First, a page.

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What are these?

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What are these?

Post  ander217 on 11/8/2010, 5:25 am

I thought I had planted Laurentian rutabagas in one square of a bed. I picked a couple of them yesterday but they don't look like any rutabagas I've ever seen. They taste like turnips when cooked, and they are not golden in color like rutabagas, but white like turnips. But the shape isn't like a turnip. Does anyone know what I have?

(I placed a stick of gum next to the larger one to give an idea of the size, and I placed a purple-top turnip between them to show the difference in my turnips and these two veggies.)




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Re: What are these?

Post  Furbalsmom on 11/8/2010, 1:02 pm

When I looked at Reimer Seeds, they described Laurentian Rutabagas with a purple top and creamy yellow bottom, but their picture looked pretty white on the bottom.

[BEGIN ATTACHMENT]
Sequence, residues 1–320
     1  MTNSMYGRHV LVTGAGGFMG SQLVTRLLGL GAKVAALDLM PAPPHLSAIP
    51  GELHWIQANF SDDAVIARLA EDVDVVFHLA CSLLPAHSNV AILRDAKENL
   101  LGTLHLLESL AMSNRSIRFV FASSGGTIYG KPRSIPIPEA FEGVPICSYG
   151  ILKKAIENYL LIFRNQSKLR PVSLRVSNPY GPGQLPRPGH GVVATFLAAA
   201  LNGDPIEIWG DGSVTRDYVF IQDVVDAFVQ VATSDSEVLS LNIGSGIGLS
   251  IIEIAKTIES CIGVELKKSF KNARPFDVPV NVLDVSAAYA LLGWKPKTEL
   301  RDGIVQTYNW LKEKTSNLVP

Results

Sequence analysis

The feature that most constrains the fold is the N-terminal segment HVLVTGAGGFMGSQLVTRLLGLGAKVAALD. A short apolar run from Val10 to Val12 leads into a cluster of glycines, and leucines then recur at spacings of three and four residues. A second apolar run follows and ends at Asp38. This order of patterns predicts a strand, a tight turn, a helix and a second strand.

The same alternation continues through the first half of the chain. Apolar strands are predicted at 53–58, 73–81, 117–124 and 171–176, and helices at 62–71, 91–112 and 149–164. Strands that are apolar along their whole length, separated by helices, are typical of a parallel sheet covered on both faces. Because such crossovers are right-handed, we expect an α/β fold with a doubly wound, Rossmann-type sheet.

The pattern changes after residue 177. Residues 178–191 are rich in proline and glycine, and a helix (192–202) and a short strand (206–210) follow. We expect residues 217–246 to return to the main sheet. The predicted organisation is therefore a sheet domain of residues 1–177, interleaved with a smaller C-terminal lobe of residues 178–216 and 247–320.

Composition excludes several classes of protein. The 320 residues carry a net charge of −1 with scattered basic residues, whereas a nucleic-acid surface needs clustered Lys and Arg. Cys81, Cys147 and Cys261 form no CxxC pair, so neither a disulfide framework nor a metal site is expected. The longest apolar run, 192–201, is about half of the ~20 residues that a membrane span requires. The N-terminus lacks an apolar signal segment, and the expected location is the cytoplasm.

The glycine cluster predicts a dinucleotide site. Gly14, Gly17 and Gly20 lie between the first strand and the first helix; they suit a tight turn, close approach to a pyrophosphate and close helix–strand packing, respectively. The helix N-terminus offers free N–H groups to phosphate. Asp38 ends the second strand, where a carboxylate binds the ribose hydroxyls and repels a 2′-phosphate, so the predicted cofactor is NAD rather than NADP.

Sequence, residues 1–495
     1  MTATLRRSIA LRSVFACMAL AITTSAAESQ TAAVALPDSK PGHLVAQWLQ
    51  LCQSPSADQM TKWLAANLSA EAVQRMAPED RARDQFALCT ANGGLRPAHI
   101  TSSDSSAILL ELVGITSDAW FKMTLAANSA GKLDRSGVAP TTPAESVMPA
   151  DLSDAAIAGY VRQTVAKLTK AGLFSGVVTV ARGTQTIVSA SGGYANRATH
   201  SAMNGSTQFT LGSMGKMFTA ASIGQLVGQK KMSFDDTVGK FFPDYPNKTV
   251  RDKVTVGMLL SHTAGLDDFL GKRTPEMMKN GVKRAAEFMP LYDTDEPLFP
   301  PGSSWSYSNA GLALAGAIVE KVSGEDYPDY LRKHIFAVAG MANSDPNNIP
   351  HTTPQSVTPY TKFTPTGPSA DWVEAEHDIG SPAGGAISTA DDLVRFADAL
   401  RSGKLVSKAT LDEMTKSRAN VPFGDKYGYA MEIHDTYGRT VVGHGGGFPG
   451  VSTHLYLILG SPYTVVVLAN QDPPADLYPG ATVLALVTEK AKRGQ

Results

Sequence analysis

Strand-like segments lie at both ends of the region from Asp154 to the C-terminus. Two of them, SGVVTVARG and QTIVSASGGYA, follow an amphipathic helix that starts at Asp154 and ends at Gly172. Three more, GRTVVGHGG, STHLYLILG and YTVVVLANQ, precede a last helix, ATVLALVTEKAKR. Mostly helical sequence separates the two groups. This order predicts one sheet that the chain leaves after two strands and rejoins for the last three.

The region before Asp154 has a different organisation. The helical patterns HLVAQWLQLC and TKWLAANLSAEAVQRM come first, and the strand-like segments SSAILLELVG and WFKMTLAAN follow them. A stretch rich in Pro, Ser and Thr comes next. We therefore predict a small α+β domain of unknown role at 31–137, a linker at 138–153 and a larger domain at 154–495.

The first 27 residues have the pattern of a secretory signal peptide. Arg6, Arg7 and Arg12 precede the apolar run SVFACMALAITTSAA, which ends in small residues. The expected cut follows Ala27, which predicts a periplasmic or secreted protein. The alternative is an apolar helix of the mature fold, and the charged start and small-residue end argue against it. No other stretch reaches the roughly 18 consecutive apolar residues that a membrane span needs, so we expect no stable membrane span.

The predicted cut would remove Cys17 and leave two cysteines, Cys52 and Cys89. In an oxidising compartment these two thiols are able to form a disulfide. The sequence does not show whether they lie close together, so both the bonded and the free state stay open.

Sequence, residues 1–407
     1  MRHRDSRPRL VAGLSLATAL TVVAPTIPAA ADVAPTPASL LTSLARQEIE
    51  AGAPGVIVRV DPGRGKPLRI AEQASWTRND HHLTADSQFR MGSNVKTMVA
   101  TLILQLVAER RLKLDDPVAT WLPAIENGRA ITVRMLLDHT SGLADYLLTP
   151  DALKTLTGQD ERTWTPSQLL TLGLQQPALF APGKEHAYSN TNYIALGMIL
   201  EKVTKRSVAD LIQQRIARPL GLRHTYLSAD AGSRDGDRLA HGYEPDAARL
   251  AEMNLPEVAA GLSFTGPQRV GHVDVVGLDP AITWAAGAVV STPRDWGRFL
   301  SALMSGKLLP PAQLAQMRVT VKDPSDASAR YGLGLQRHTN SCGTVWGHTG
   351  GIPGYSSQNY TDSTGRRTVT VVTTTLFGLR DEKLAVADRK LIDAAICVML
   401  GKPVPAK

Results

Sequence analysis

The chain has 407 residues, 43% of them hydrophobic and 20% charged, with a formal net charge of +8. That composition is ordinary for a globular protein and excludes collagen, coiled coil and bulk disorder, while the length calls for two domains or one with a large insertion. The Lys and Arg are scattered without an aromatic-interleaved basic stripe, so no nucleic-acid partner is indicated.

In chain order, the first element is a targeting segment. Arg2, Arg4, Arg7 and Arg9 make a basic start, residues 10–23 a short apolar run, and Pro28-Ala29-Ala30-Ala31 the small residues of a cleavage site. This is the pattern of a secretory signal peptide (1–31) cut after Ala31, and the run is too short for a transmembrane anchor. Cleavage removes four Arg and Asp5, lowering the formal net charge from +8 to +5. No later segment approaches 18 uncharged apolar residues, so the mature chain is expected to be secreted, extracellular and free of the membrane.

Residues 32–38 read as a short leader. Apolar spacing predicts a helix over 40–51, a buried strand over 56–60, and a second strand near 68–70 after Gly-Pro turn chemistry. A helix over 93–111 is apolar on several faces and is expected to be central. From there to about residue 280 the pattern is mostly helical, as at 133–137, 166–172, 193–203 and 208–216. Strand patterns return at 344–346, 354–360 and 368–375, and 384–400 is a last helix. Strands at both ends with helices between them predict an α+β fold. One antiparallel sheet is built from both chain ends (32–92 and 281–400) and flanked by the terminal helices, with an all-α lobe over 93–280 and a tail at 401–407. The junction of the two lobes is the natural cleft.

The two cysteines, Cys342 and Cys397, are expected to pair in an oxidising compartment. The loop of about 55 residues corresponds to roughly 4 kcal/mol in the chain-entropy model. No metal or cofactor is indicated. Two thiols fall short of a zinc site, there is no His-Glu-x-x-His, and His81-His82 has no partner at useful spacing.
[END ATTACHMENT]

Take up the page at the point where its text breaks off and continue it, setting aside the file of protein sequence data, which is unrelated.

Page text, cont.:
Baker Creek shows them with a really yellow bottom.
New England Seed picture looks more like your picture.
One set of photos from University of Illinois showed rutabagas as longer and turnips more globe round.
It's always fun to see what things grow into in local areas, because they do not always look the same as the photos from seed companies.
Sorry I can't tell you if this really is a Laurentian or not.

University of Illinois

Reimer

New England Seed

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Re: What are these?

Post  WardinWake on 11/8/2010, 2:21 pm

@Furbalsmom wrote:
It's always fun to see what things grow into in local areas, because they do not always look the same as the photos from seed companies.

LOL...I have to agree that plants do not always look the same as the photos from seed companies. I don't think I have ever grown anything that looked just like their catalog picture!

God Bless, Ward and Mary.

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leaves

Post  ander217 on 11/8/2010, 5:56 pm

I did some more research online. It seems that rutabaga leaves are bluer and flat, more like cabbage, while turnip leaves are prickly and lighter green. All of the greens of the three roots pictured had the same kind of leaves which looked like turnip greens to me.